This way works better then painting the dark parts into the cover while it is still wet in order to arrive at the gradients. You have better control of what you are doing. Too much dark can be easily removed with a brush stroke of cleaner instead of colour. You can't do that when painting into the wet cover.
The result is seen below.

With pretty much the same method, I did the shading and lightening of the two tambours blue coats. Different to the white coats, I started off with applying the light parts first. Not too much to avoid arriving at a light blue coat. The dark parts are applied only after. Less detail is needed here since both coats will receive a lot of lace later.
Next, I place some light onto the rucksack and cartridge bags. Again this is done rather sketchy with its initial step. 
Thereafter I paint in the gradients much the same way as it was done with the coats. The same way, I model the tricornes. I add the lightening with a light blue, and by using a dark brown, I also took the time to give the sabers including the hilts a dark brown cover. The same colour I also used to outline the muskets as well as the cartridge bags. 
I also gave the red parts of the tambours some further treatment by adding lights as well as the darker parts. Muskets as well as the flag bar and officers esponton do also receive a light lining.
Now also the gaiters will receive more attention. Again, the dark parts are added as seen below. 

Thereafter meleed into the white as done before.
As next major step, the rucksacks are added the dark parts and the white coats and gaiters will receice a highlight cover. This is oncemore an opportunity to increase the 3D appearance of the figures. 

Not sure if you can see it on the photo, but I aimed at arriving at two different shades of white - or better an off-white. More yellowish for the coats, and more cool greyish for the gaiters. I have tried this several times before, but with poor outcome. You could hardly tell in the end. This time, it has worked quite well. After this step, the job is nearly done. Last comes the buttons and lace. As can be seen, I have already started here. Also the belts will receive more light and darker shading as well as outlining. Below see an image of the entire unit in its present nearly finished state.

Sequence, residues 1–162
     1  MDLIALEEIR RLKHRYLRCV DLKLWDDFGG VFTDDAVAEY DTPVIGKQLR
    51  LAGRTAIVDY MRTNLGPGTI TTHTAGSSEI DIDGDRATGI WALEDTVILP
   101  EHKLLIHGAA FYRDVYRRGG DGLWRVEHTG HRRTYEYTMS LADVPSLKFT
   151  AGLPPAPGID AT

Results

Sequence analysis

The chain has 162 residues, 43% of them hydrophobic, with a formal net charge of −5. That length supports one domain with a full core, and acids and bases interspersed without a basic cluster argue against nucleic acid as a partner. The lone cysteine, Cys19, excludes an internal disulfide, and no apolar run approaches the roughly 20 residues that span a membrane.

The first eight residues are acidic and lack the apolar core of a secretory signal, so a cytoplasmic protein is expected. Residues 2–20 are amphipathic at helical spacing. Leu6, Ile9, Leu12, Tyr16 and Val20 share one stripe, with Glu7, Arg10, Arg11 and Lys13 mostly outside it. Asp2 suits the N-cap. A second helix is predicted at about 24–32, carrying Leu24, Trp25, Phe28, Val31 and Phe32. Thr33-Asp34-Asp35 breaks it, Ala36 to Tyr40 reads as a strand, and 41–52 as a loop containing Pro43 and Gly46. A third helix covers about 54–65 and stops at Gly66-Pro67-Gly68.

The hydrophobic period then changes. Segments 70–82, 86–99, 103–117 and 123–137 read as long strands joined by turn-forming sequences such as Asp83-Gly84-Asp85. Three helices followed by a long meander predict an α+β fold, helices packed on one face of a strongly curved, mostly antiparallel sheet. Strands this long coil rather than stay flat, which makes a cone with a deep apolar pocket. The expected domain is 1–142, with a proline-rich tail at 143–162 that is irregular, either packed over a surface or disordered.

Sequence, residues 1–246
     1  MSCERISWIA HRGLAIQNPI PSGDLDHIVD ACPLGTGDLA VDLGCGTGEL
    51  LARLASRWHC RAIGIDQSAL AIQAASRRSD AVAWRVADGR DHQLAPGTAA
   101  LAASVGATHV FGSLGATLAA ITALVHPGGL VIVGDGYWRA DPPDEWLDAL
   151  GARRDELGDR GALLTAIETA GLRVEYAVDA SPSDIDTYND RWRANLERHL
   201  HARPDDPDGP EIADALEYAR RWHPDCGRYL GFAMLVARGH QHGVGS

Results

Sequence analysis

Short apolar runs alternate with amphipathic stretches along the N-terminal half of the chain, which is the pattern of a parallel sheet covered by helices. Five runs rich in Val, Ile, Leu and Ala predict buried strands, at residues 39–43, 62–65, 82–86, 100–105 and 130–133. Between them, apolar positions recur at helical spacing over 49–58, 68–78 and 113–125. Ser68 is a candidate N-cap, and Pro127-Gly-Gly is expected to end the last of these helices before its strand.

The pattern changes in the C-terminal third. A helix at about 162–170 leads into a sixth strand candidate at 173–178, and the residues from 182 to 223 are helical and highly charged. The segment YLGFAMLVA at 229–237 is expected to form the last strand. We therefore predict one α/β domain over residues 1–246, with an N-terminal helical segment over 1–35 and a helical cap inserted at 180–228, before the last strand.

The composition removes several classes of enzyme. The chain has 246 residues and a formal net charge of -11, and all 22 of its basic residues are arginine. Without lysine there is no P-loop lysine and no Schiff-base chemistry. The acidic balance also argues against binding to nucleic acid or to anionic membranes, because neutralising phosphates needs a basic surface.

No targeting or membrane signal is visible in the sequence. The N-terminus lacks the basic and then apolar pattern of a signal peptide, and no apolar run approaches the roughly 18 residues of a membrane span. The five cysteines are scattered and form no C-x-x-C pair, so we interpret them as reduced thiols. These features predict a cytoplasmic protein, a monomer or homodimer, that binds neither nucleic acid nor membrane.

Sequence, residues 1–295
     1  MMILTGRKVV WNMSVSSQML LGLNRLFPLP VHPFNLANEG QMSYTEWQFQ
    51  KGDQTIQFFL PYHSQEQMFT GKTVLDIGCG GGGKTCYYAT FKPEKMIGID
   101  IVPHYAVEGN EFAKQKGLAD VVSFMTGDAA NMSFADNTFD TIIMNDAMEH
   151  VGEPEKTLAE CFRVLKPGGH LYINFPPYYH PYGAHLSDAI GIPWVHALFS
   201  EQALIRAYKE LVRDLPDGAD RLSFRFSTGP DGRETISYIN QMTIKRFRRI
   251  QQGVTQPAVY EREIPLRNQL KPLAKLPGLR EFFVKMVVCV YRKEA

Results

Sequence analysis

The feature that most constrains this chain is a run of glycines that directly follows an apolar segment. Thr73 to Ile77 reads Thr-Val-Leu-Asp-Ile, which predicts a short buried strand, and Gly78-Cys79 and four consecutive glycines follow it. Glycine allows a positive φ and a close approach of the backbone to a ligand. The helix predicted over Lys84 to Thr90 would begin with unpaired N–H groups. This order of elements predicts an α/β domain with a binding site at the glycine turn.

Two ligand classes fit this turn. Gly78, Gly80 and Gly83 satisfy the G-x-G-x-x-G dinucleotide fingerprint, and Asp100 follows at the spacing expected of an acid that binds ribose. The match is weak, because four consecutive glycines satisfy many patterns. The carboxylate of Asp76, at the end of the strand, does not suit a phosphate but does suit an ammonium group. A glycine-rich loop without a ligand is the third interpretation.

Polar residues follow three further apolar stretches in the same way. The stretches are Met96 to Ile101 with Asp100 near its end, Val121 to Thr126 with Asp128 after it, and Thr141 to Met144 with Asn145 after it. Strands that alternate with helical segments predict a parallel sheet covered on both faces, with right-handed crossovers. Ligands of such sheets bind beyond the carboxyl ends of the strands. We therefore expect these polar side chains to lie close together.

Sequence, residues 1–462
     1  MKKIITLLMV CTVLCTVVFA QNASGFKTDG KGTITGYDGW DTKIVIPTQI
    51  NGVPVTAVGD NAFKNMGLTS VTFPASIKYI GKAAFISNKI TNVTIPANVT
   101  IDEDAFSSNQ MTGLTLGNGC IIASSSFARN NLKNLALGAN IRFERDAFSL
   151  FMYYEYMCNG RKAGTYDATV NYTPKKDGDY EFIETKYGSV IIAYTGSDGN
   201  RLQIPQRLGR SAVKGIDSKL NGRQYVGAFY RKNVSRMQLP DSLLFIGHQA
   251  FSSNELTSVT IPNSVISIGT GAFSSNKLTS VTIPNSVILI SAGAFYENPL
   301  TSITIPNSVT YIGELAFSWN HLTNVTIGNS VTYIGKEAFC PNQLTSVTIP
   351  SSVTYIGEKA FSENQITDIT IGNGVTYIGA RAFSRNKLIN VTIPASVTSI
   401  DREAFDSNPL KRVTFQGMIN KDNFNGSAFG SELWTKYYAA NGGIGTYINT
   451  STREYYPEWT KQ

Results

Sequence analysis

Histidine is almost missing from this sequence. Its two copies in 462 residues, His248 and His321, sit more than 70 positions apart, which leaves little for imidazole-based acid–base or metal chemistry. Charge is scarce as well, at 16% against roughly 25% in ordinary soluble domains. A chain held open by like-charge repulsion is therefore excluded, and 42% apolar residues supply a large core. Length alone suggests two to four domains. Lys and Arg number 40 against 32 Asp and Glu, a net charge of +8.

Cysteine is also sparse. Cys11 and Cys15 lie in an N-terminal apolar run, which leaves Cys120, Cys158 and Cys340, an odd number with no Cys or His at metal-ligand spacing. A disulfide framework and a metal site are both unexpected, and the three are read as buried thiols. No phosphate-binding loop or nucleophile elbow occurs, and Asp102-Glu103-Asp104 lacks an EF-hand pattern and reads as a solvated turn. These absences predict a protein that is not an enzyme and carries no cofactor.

Indeed, the God of Battle watching seems to be pleased – and – I guess he is seriously reconsidering the flag design of his Garde Impériale.
Aquitaine paint job completed. I'm pleased. To the right we see the Hannoverian regiment Hardenberg. It can hardly await the moment of first contact to exchange fire with Aquitaine. 
Aquitaine based and in company of Frances most tested SYW fighting units in Germany. Left 2 are Auvergne, the other is Belzunce (one stand missing with the photo). Auvergne is formally La Reine. I overpainted la Reine and turned it into this regiment, as la Reine belongs to Americas annals, not so much to the war in Germany. I need Auvergne for Minden as well as for my 1760 campaign project.

4 comments:

  1. This is fascinating stuff! Thank you for sharing how you approach painting your flats. I look forward to another installment soon.

    Best Regards,

    Stokes

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  2. Thanks for sharing your method, Christian.

    I'm comfortable in my own way of painting Flachfiguren but it's always good to see how others do it. Certainly it's a nice tutorial for someone thinking of starting out with flats and makes them not so intimidating the way you break it down.

    And a fine choice of regiments !

    Steve

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  3. Just in the process of catching up with my blog reading and what a reward! This is an excellent post and extremely useful. Thanks for taking the effort. I'm sure many will benefit from it.

    Beautiful figures, bu the way!

    ReplyDelete
  4. Very helpful. Thank you for posting.
    Best wishes,
    Simon Millar

    ReplyDelete